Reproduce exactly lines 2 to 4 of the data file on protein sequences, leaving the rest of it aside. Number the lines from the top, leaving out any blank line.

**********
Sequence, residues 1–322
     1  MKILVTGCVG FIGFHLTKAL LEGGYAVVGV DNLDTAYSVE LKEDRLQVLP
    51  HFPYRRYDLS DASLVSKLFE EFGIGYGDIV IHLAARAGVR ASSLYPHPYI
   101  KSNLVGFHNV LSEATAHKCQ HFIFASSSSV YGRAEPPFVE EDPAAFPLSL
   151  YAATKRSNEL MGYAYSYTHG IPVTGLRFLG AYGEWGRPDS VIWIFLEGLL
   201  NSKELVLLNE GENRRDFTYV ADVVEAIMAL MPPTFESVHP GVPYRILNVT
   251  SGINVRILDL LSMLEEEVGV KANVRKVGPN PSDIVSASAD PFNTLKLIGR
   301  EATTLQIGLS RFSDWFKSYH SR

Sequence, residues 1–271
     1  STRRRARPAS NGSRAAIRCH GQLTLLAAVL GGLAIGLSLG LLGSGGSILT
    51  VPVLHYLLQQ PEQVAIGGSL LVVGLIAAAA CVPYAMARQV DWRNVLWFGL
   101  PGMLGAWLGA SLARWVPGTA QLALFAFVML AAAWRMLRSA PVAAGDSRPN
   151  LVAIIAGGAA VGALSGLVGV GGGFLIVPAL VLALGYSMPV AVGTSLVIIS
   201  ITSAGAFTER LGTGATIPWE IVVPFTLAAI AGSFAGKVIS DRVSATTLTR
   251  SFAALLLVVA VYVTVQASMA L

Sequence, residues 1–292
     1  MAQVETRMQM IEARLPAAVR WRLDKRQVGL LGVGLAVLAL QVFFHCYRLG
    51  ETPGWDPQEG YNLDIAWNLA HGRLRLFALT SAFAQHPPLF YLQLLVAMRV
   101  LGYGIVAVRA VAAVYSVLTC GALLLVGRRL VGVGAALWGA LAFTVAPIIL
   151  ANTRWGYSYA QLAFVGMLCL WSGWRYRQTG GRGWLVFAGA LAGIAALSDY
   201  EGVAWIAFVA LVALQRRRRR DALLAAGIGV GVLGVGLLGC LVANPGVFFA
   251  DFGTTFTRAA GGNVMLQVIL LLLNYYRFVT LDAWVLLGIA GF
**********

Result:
     1  MKILVTGCVG FIGFHLTKAL LEGGYAVVGV DNLDTAYSVE LKEDRLQVLP
    51  HFPYRRYDLS DASLVSKLFE EFGIGYGDIV IHLAARAGVR ASSLYPHPYI
   101  KSNLVGFHNV LSEATAHKCQ HFIFASSSSV YGRAEPPFVE EDPAAFPLSL